United States of America v. Milfort
ORDER granting 15 Motion to Vacate 10 Default Judgment. Vacating 10 Default Judgment. Signed by Judge Robert N. Scola, Jr. on 2/9/2018. (ls)
United States District Court
Southern District of Florida
United States of America, Plaintiff,
Alix Milfort, Defendant.
) Civil Action No. 12-61786-Civ-Scola
Order Granting Motion to Vacate and Vacating Default Judgment
The United States of America asks the Court to vacate a default
judgment entered against the Defendant Alix Milfort for recovery of a student
loan debt. The Plaintiff contends that the Department of Education discharged
the Defendant’s debt after receiving and approving a Loan Discharge
Application. (ECF No. 15.) For the reasons that follow, the Court grants the
motion (ECF No. 15) and vacates the default final judgment as to the
Defendant (ECF No. 10).
“[D]efaults are seen with disfavor because of the strong policy of
determining cases on their merits.” Florida Physician’s Ins. Co. v. Ehlers, 8 F.3d
780, 783 (11th Cir. 1993). Under Federal Rule of Civil Procedure 60(b), a court
may relieve a party from a default judgment for the following reasons: (1)
mistake, inadvertence, surprise, or excusable neglect; (2) newly discovered
evidence; (3) fraud, misrepresentation, or other misconduct; (4) the judgment is
void; (5) the judgment has been satisfied, released, or discharged; or (6) any
other reason justifying relief from the operation of the judgment. Fed. R .Civ. P.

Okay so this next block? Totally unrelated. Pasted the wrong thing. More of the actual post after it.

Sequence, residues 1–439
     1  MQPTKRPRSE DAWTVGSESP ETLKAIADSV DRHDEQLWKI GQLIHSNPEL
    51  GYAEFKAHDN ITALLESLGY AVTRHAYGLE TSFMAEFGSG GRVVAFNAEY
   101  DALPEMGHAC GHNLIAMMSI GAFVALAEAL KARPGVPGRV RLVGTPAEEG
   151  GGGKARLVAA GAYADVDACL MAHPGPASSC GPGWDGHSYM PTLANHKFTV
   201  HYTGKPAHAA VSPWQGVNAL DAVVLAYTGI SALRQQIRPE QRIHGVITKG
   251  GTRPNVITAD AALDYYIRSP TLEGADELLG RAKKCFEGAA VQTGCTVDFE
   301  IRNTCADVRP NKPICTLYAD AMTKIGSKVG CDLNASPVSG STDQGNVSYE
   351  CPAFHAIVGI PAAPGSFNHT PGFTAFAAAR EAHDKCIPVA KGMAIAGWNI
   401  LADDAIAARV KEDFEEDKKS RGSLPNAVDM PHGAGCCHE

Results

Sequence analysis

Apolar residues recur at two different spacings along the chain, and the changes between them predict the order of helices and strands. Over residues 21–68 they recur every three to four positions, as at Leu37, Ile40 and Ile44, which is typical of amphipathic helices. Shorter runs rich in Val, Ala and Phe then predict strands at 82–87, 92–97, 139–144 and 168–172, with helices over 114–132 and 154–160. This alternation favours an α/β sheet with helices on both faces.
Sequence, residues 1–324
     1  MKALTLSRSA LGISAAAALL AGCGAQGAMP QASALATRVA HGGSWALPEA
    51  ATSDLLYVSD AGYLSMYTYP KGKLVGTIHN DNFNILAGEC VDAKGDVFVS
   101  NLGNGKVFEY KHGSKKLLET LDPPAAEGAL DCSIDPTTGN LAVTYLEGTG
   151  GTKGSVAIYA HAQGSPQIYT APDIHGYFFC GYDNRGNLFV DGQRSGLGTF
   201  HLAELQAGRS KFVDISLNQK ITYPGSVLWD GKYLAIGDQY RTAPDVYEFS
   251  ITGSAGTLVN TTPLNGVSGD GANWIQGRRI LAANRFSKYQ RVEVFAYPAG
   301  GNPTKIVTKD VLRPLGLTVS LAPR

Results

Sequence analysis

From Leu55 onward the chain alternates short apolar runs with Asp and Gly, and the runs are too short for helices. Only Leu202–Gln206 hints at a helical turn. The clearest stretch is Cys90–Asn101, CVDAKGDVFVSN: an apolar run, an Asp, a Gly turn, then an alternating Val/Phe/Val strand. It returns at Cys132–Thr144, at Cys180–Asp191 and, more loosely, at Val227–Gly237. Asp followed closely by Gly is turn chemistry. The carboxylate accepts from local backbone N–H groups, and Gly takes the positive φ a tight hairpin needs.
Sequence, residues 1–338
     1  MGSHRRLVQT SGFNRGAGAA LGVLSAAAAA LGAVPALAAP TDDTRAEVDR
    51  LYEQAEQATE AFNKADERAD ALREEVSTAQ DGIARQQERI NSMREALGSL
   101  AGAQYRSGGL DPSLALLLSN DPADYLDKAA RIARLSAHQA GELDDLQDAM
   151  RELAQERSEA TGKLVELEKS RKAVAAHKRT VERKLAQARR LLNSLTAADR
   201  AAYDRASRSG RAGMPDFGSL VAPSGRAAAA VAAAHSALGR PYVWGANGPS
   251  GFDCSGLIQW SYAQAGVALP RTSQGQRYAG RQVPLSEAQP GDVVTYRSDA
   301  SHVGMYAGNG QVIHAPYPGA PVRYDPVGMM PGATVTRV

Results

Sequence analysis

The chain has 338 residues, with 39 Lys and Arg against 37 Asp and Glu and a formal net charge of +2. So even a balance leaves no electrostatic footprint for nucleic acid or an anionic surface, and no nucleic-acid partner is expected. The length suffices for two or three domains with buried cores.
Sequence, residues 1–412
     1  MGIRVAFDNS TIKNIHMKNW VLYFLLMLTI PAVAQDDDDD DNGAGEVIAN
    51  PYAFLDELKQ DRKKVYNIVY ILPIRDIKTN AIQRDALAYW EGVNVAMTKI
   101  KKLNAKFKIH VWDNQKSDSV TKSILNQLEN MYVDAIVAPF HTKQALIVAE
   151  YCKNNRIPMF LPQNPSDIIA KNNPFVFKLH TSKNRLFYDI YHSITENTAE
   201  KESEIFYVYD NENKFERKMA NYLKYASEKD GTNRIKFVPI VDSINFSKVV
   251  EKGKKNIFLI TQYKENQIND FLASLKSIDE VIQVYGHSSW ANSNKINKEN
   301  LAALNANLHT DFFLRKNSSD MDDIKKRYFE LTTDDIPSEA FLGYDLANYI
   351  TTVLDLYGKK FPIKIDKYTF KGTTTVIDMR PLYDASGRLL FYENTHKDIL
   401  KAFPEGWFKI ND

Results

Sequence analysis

60(b). In evaluating the applicability of subdivisions (1), (2), (3), (5), and (6), a
court is afforded broad discretion in determining when a default judgment
should be set aside. See Ostane v. Jim Wright Marine Const., Inc., No. 1060168-CIV, 2010 WL 3385048, at *2 (S.D. Fla. Aug. 24, 2010) (Cohn, J.).
The Plaintiff’s motion appears to be based on Rule 60(b)(5), in that the
Plaintiff argues that debt was discharged by the Department of Education, and
therefore counsel’s belief that a satisfaction of judgment would not be sufficient
to demonstrate that the Plaintiff’s obligation was canceled. As a result, the
Plaintiff contends that the Defendant is entitled to have the default judgment
Upon review, the Court agrees, and grants the Plaintiff’s motion to vacate
the default final judgment in this case. This case shall remain closed.
Done and ordered at Miami, Florida, on February 9, 2018.
Robert N. Scola, Jr.
United States District Judge
Counsel of record via CM/ECF
4216 NW 52nd Avenue
Lauderdale Lakes, Florida 33319
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